No Reservations doesn’t aim for anything flashy, which I consider a positive goal, but its unimaginative title and low-key approach to a kitchen romance make this a forgettable film. Still, it’s better than I expected. I thought it would be something along the lines of Love’s Kitchen, but classier. Instead, it is based on an acclaimed German film, Mostly Martha, and centers around Kate (Catherine Zeta-Jones), the head chef at a chic New York restaurant. Her exacting nature allows her to excel at her job but that comes at the expense of personal relationships. Her boss (Patricia Clarkson) forces her to attend therapy so that she can work on people skills, but she uses the time to expound on food and cooking.
The sudden death of her sister changes everything. Previously accepting if not exactly content with her solitary lifestyle, Kate now finds herself caring for her nine-year-old niece, Zoe (a captivating young Abigail Breslin). It’s not all fireworks at first, and the film provides a window for Kate and Zoe to reacquaint themselves and adjust to their new relationship. It’s also gives the audience a chance to see Kate peel back some of her steely exterior. Zeta-Jones is affecting in places, like when she retreats to a pantry before breaking down in front of her boss.
The movie never brings us close enough to her inner state though. Here is a woman who so tightly controls every aspect of her life that she hits back at anything she finds disagreeable. When a customer complains about the food, she insults him; when her neighbor tries to get closer, she rejects his overtures. Now it’s Zoe’s needs and Kate’s own grief that begin to dictate her life – and she isn’t quite sure how to handle these unknown quantities. There is an overall sense of frustration and confusion, like when Zoe refuses to eat and Kate doesn’t know why or what to do about it, but those feelings don’t manifest in many tangible ways. The film offers up a lot of glassy-eyed and forlorn gazes as an alternative.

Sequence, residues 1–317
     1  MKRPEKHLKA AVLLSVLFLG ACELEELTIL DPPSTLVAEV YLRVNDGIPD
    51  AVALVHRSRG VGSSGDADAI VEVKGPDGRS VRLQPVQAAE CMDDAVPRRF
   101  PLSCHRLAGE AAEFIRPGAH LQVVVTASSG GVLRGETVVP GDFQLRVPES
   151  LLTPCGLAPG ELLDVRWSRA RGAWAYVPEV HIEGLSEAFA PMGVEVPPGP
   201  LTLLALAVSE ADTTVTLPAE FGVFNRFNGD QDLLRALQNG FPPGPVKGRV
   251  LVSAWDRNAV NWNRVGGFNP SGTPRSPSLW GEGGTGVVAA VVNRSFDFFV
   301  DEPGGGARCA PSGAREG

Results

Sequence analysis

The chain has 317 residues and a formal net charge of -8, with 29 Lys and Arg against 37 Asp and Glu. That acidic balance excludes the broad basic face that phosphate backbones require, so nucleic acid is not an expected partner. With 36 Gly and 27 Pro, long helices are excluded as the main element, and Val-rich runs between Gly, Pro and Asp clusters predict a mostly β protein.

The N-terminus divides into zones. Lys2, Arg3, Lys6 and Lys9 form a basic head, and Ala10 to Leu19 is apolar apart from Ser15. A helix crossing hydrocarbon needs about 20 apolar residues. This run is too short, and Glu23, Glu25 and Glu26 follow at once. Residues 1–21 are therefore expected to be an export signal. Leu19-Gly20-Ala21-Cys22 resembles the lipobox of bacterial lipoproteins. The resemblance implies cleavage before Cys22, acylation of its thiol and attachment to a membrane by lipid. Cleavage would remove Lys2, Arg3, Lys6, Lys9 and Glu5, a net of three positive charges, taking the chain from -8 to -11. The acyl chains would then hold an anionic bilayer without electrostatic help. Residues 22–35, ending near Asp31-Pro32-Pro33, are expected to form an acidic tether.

The emotional distance is not just between her and the audience though but between her new sous chef, Nick (Aaron Eckhart), as well. The two are a handsome match and partake in some obligatory bickering when they first meet. Kate dislikes his easy-going manner and penchant for opera in the kitchen but softens when he begins to connect with Zoe. The relationship eventually progresses towards a predetermined conclusion, but there’s no rush to get there.
Surprisingly, this languid pace doesn’t slow down the movie and in fact gives it a sheen of realism. It does make the characters feel less important, however. Kate’s journey opens herself up to different roles and forces her to reassess those responsibilities and commitments. It’s gratifying to see a woman grapple with what is essentially a three-person love story, but it’s one that needs to be tightened to have any lasting resonance.
Prod: Kerry Heysen, Sergio Aguero
Dir: Scott Hicks
Writer: Carol Fuchs, Sandra Nettelbeck
Cast: Catherine Zeta-Jones, Aaron Eckhart, Abigail Breslin, Patricia Clarkson, Jenny Wade, Bob Balaban, Brían F. O’Byrne
Time: 104 min
Country: United States